• "Save Me Plz" by David Barr Kirtley is about a relationship trapped in a game, or is it the other way around? 3 stars.
  • "The Relive Box" by T.C. Boyle is about how video games and memories can become an addiction. It's haunting and sad. 5 stars.
  • "Roguelike" by Marc Laidlaw is another IF-style story with a touch of humor and a lot of murder. 3 stars.
  • "All of the People In Your Party Have Died" by Robin Wasserman asks the question: What if Oregon Trail was real? It's about surviving your own life. 3 stars.
  • "RECOIL!" by Micky Neilson is about another video game that's secretly another test that involves another bout of violence. 2 stars.
  • "Anda's Game" by Cory Doctorow actually manages to challenge video game tropes without being tangentially about video games, or not about video games at all, or resorting to tired video game tropes. Should you care about social inequality when it affects games too? The answer is worth reading. 5 stars.
  • "Coma Kings" by Jessica Barber is about another person in another video game that's much better at gaming than real life and another complicated family relationship. 3 stars.
  • "Stats" by Marguerite K. Bennett is about how a video game turns some people into murderers. 2 stars.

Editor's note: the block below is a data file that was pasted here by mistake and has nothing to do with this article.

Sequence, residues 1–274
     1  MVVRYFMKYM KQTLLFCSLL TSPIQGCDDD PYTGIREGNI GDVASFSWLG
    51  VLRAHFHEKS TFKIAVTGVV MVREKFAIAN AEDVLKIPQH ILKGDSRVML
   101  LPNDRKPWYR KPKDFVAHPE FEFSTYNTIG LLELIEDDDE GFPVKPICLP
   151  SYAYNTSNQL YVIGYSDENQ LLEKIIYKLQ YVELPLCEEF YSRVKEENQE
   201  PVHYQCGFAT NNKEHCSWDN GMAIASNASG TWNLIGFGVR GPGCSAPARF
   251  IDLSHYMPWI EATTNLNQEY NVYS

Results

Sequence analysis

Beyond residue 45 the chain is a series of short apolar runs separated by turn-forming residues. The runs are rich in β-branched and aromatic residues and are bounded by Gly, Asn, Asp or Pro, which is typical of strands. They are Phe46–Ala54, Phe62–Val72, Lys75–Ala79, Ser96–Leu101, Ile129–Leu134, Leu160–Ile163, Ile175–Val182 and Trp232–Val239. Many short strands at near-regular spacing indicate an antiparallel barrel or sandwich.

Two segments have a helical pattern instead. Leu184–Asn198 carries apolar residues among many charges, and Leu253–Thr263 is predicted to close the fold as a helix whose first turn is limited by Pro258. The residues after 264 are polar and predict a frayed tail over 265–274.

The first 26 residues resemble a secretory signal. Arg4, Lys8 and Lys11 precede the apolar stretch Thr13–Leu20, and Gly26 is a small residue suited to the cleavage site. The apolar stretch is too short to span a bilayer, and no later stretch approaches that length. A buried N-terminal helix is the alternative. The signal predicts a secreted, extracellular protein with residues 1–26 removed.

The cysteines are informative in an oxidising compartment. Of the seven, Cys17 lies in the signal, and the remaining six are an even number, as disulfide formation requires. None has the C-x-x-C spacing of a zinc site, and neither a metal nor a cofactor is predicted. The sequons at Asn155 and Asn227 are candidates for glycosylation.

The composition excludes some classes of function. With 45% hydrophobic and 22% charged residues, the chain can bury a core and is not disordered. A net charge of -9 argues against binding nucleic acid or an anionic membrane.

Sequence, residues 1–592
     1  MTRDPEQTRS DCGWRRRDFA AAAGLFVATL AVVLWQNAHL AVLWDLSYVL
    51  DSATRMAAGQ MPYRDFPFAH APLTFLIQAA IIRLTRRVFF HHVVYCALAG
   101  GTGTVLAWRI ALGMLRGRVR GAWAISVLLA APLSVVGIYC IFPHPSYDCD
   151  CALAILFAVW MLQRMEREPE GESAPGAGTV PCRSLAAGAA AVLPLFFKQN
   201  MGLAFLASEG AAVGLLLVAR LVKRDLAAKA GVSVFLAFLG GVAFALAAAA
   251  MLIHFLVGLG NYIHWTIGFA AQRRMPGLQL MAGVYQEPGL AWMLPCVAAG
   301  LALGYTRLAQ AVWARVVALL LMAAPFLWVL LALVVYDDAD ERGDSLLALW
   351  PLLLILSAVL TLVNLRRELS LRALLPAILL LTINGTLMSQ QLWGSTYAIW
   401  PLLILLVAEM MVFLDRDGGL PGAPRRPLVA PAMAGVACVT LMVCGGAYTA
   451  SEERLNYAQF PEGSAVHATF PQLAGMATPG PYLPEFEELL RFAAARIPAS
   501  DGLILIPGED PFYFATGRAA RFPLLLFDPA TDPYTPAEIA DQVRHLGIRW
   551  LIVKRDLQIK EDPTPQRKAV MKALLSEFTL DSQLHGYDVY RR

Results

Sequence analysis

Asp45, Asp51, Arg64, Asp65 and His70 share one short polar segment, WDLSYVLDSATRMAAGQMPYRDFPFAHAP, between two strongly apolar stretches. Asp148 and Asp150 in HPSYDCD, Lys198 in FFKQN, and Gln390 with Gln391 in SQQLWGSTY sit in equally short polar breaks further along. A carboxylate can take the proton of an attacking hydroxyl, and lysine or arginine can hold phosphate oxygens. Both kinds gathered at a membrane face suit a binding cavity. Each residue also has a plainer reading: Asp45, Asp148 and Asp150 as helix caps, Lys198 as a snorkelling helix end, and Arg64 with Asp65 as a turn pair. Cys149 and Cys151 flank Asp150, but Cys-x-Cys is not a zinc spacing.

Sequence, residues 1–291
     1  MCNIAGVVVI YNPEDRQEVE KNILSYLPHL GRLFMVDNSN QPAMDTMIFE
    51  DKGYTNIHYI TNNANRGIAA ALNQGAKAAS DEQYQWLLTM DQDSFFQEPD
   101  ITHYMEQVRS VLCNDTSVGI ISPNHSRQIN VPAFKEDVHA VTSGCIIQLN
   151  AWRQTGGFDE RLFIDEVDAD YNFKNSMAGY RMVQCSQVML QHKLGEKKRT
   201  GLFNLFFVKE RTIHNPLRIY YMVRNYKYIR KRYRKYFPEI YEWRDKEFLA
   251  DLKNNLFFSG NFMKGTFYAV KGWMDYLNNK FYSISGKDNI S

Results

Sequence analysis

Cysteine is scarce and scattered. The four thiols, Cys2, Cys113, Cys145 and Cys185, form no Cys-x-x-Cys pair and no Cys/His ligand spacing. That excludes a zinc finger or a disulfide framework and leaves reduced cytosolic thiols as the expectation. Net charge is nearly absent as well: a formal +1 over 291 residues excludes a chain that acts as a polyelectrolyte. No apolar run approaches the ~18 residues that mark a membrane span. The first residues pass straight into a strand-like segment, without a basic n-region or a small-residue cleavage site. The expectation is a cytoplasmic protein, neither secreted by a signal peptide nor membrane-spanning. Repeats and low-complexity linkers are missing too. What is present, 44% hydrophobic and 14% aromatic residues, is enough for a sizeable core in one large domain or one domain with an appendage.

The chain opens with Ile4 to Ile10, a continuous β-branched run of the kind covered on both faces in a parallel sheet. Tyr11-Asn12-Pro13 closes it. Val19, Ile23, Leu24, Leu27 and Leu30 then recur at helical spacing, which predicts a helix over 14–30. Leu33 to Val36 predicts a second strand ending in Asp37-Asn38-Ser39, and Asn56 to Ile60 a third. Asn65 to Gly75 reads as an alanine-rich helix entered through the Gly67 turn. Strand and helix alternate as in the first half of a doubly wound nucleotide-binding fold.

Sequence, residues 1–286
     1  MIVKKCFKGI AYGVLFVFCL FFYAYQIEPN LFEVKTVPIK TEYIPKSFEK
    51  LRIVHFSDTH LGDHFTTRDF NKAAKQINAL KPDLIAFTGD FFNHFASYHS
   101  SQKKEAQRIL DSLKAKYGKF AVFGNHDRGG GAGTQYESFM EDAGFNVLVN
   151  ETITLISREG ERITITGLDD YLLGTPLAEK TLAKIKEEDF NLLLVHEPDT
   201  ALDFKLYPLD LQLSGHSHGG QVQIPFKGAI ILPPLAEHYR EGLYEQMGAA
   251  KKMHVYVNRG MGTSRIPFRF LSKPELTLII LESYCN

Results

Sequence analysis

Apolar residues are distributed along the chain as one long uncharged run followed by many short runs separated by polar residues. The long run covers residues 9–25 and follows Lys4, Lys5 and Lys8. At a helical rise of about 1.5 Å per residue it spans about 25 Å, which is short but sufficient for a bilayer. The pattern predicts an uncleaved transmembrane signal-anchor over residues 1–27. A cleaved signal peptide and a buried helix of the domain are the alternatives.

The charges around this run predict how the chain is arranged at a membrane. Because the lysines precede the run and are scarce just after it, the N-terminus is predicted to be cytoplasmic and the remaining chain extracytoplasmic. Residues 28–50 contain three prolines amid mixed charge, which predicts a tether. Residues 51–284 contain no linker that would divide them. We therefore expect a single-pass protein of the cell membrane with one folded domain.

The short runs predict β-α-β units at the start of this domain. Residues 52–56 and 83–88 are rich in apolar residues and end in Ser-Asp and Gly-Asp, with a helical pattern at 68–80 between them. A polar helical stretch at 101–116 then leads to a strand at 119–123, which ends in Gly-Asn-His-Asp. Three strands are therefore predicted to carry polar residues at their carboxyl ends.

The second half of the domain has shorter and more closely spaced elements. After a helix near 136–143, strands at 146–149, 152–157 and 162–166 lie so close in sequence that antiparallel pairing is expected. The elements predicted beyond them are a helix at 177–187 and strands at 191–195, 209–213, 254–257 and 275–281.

• "Please Continue" by Chris Kluwe is a meta-discussion about gaming that uses football parallels (because Kluwe is a former NFL punter). It's confusing at best. 2 stars.
  • "Creation Screen" by Rhianna Pratchett is about a video game creator from the view of one of his characters. Interesting stuff, but a little too brief to properly explore the topic. 4 stars.
  • "The Fresh Prince of Gamma World" by Austin Grossman is about another romance in another video game universe. 3 stars.
  • "Gamer's End" by Yoon Ha Lee is about another video game test that's actually a real life test involving absurd levels of violence. 2 stars.
  • "The Clockwork Soldier" by Ken Liu is set in a sci-fi setting but it features an IF as a platform to discuss the legitimacy of artificial intelligence. 4 stars.
  • "Killswitch" by Catherynne M. Valente is another video game that deletes itself and has a mystery at its center that nobody can beat. 2 stars.
  • "Twarrior" by Andy Weir takes the concept of a Skynet-like computer taking over and actually does something different with it that's surprisingly upbeat -- and yet hilariously true-to-life. 5 stars.
  • "Select Character" by Hugh Howey is another video game that's actually a test. The difference is that the test isn't, for once, about violence. 3 stars.

Overall, this is a wildly uneven collection that leans heavily on video game tropes that end up being repeated. There's too many stories about too wide a topic, but there are some gems here worth reading. The odds that anyone today has played all the types of video games in this collection are slim, because video games are as varied as movies are -- the medium is no longer relevant. The best stories remind you that video games reflect our lives; the worst remind you that even book publishers will prey on our nostalgia for a quick buck.